So why don’t we spend our time completely indulged in our escape? I suppose the answer is in the question; if we spent all our time there, it would hardly be an escape. I suppose too that we can relate the point right at the start where – if we did stop thinking about everything for prolonged amounts of time – there could be dangerous consequences; imagine if we drove along with our noses stuck in a book. Or stood all day on a street corner trying to get that light just right. Or – heaven forbid – spent all day stuck in front of the telly. All of these are good reasons, but above all, nothing will beat the rollercoaster that is life. As a wise gargoyle once shared with a misshapen protagonist –

“Life is not a spectator’s sport; if watching’s all you’re going to do, you’re going to watch your life go by without you.” – Laverne, Walt Disney’s The Hunchback of Notre Dame.

There is nothing in the entire world that could ever substitute real sunshine lighting up your face and warming you right through to the cockles of your heart. And all the proposals in all the Jane Austen books could never substitute the real thing. No amount of adjectives can make you feel the way ice cream exactly tastes. Of course, they may inform you the flavour is vanilla or chocolate or strawberry or cookies and cream, but what is vanilla? Or strawberry? You can’t describe it though menus may try. You simply have to write the flavour and hope the audience understands. And no one, even the most talented writer, has the skill to describe what notes Florence and the Machine uses for Dog Days Are Over could they? Imagine; ‘it starts with a middley note – ‘hap’ then goes up a tone or so – ‘pi’ then ‘ness’ is the same note as ‘hap’ after ‘pi’… ‘ it’s just not having the same effect, is it? Not as going home, sticking it on your ipod speakers at full volume and singing it at the top of your lungs might get rid of the memory that the new nurse didn’t notice you’d bought new high heels so you’d be that little bit taller when you stood next to him. Nothing can substitute the real emotions you get when you find out your mom is going to have another baby or that your dad finally booked the trip to Rome that he’d been promising for ages. Nothing beats the real life smell of good cooking – chocolate chip cookies and fresh bread I’m talking. The smell of the sea, the sounds of a harp, the beauty of a dew-covered rose.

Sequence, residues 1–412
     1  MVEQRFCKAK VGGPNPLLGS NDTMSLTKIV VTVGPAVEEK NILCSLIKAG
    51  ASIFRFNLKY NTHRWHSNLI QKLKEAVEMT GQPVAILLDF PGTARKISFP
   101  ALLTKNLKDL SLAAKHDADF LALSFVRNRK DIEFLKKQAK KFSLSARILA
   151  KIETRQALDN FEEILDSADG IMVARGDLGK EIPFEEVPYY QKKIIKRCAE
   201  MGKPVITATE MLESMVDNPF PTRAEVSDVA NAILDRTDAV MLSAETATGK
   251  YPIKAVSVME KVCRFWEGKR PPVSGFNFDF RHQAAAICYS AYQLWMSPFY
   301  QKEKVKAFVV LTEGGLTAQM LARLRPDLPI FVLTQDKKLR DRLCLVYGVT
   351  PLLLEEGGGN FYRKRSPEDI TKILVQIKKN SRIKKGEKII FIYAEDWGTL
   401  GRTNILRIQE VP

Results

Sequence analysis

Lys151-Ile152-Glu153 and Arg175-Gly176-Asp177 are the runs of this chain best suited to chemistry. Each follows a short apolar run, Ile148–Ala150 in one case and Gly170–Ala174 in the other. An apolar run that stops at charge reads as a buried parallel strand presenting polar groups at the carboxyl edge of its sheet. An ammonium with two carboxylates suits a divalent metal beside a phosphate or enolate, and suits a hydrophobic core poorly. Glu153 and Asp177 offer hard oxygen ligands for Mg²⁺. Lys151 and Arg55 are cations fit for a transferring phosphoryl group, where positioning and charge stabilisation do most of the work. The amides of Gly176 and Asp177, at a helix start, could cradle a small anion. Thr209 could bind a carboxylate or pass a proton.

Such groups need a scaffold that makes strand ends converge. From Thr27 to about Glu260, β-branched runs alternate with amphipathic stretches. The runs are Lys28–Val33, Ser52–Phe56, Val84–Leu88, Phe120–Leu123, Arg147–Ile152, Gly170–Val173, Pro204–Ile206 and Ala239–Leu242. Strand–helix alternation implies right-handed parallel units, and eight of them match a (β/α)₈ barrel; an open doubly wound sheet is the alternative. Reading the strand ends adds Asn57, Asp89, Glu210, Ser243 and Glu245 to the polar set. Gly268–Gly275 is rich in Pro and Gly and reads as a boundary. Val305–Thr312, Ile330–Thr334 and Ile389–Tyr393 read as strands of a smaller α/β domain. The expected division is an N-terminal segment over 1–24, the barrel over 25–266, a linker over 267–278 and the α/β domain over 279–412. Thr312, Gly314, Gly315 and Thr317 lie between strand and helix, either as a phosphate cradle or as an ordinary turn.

I’m sure you may have guessed by now that I am escaping. I have left the real world behind and filled it with a utopian shadow; picked out all the bad parts – the choking smell of pollution at the centre of the city, the sound of nails scraping down a board or paper, the sight of that hideous monstrosity they dare call the modern library. Perhaps it isn’t good to imagine things this way. It may be considered cowardice; pretending everything will be okay; hiding for as long as possible from a problem, praying it will leave of its own accord. I said that nothing could supersede these gems of humanity, the diadems of nature; the smell of cookies and roses and so on. Indeed I stand strongly by this belief. But when things get bad, when we are presented with the lumps of coal humanity and nature have to offer, is it really so bad to choose the painkiller over the nasty cure? And what if there is no cure, nasty or otherwise? Is the painkiller really so bad then? To lose yourself in another, better world. Just for a time, just to lessen the pain, make it bearable, make life worth living a little while longer, until the world’s greatest physician has tended to your gaping wound.

I think so. But I suppose we must all also consider that coal, with a little work, can also become a diamond. Or what worth coal to a warm man is compared to that of a cold man. Perhaps not all of our problems are as hopeless as they seem; opportunities present themselves in all sorts of shapes and sizes. And surely someone somewhere is worse off than you. Perhaps your neighbours envy your issues as much as you’d rather have theirs? Who knows? I certainly don’t. But that hardly matters; I’m off to somewhere in Idris with Jace (those who escape through the written word, or even lately, the moving picture, may know what I’m referring to here.) He’s just found out where Sebastian is and, though I’ve read the book before, I can’t wait to see what happens. I suppose I’ll see you round. Happy escaping!


write by Darryl